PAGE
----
A paternity and child custody case has given the Indiana Court of Appeals a chance to examine a newly amended evidence rule for the first time, while simultaneously offering guidance to trial judges about using publicly accessible information to dispose of cases.
The state’s intermediate appellate court issued a ruling today in Paternity of P.R. and A.R.; H.B. v. J.R., No. 36A01-1005-JP-255, which for the first time gave a three-judge panel an opportunity to rule on a 2010 amendment to Indiana Evidence Rule 201 allowing courts to take judicial notice of any records from a court within this state.
This case out of Jackson Superior Court involves a mother and father who dated for four years but never married, and had two children in July 2004 and September 2005. Paternity was established in 2007 and the mother received sole custody, while the father was ordered to pay $150 per week in child support. In late 2009, the father asked to modify custody and support, based on the 27-year-old mother living with a man who had a past felony conviction for battery on a minor less than 14 years old, a conviction for supplying alcohol to a minor, and was reportedly being investigated by child protective services for alleged child abuse.
After a custody modification hearing, the trial court not only took that testimony into consideration but also a protective order that the mother had obtained against another man she had recently dated, relating to a felony battery conviction. The mother didn’t request a hearing or file any objection on that issue as allowed by Rule 201(e).
The trial court awarded custody to the father and allowed the mother parenting time, and also ordered that the father should receive a $60 per week credit to his child support arrearage for about 15 months.
On appeal, the mother argued that the trial court erred in considering the substance of the protective order she’d previously obtained because that document wasn’t admitted into evidence in this ongoing paternity and custody case.
The Court of Appeals noted that Evidence Rule 201 was amended in late 2009 and went into effect Jan. 1, 2010, meaning this is the first chance an appellate court has had to consider a case where it applies. Before the revision, a court could not take judicial notice of its own records in another case previously before it, even on a related subject with related parties. The revision states that the judicial notice can happen at any stage of the proceedings, and that a party doesn’t have to be notified before a court takes judicial notice.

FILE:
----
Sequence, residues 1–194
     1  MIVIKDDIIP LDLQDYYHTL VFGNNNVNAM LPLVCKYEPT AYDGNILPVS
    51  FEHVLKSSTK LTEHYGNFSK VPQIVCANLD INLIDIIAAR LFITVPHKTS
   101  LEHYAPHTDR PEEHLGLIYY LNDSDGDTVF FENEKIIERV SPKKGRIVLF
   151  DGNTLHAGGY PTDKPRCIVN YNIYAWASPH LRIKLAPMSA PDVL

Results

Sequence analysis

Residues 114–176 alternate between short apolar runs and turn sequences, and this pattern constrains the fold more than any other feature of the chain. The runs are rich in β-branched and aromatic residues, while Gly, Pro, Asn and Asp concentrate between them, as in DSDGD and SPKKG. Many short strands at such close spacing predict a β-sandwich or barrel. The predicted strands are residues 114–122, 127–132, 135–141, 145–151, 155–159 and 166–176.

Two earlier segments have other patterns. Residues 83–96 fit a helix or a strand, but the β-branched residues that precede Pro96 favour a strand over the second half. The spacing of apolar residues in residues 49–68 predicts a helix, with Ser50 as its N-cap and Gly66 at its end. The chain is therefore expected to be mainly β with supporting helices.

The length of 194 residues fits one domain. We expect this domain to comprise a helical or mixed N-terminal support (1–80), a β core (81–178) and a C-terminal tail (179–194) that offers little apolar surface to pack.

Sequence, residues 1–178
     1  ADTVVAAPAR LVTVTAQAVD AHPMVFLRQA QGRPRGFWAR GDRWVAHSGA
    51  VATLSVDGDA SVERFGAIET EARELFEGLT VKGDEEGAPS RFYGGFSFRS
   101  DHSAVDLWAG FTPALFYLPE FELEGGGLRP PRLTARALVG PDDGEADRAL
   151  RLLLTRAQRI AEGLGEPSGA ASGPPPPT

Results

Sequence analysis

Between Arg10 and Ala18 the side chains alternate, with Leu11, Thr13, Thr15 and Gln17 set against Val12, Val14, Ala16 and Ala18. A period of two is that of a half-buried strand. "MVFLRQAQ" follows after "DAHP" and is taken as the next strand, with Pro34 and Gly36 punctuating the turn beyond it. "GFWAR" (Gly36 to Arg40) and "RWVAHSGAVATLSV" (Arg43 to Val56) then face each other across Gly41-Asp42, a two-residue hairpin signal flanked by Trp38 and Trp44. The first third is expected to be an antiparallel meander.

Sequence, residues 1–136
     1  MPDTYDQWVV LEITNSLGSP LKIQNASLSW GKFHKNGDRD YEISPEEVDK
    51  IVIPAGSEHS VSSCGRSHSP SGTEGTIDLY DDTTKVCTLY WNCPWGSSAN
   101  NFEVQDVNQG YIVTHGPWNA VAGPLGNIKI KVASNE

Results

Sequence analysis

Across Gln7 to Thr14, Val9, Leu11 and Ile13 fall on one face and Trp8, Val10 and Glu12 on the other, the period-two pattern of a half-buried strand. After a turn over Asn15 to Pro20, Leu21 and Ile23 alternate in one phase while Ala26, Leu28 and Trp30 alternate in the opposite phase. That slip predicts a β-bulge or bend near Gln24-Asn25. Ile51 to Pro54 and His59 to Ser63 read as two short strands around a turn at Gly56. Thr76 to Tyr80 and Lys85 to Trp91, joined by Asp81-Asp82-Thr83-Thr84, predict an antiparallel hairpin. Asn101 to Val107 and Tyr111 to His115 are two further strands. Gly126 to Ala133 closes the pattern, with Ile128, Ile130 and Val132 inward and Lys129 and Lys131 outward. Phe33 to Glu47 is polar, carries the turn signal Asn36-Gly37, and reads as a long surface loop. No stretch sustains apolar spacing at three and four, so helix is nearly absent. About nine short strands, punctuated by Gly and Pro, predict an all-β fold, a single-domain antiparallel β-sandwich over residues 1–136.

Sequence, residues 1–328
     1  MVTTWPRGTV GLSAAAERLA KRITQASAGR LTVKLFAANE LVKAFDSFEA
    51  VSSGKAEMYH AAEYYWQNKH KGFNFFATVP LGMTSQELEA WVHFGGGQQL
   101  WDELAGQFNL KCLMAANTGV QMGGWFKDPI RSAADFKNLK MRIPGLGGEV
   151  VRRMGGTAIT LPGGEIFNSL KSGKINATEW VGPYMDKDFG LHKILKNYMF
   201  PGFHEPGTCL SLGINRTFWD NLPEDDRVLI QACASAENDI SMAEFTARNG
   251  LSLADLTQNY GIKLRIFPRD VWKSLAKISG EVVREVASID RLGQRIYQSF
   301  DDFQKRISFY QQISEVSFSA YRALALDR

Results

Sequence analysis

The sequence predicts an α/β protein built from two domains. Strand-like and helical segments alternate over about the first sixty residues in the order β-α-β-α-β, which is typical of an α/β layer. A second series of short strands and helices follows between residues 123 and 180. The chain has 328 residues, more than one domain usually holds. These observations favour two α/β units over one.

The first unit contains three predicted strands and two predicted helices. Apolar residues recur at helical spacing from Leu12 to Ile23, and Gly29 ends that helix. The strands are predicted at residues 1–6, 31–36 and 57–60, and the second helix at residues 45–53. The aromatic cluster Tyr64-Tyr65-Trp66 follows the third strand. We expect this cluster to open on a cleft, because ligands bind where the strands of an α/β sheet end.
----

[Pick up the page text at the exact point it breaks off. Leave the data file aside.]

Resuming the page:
The trial court properly took judicial notice of the protective order filed, the appellate judges found, and it doesn’t matter that the notice happened after the hearing was concluded.
“Although Mother was not afforded an opportunity to be heard before the court took judicial notice, Rule 201(e) provides that Mother could have made a timely request after judicial notice was taken,” Judge Nancy Vaidik wrote. “She, however, did not do this.”
Though the appellate panel concluded the trial judge correctly took judicial notice here, the appellate judges pointed out that a better course of action in this case would have been for the court to have given the parties notice and an opportunity to be heard before taking judicial notice and issuing an order.
“Undoubtedly, our information technology explosion has allowed our courts, as never before, to access reliable information that may aid in the just disposition of cases,” Judge Vaidik wrote. “Our Supreme Court, recognizing this, has encouraged courts to communicate with one another by establishing family courts and creating JTAC (Judicial Technology and Automation Committee), while liberalizing the judicial notice rule. But the danger of having a broad spectrum of information at the disposal of courts is that mistakes in input, inscription, and transmission can occur. To alleviate the danger of such errors, litigants must be given the opportunity to explain or respond to judicially-noticed information. We understand that the Indiana Rules of Evidence allow litigants to respond to this information at any stage of the proceeding, but we believe that, where practicable, the best practice is for courts to notify the parties before taking notice of and issuing a ruling which utilizes this information.”
Aside from that judicial notice issue, the appellate court also examined the custody modification and how the lower judge had issued findings on why changes were warranted under state statute and precedent. The panel affirmed the trial court’s ruling unanimously.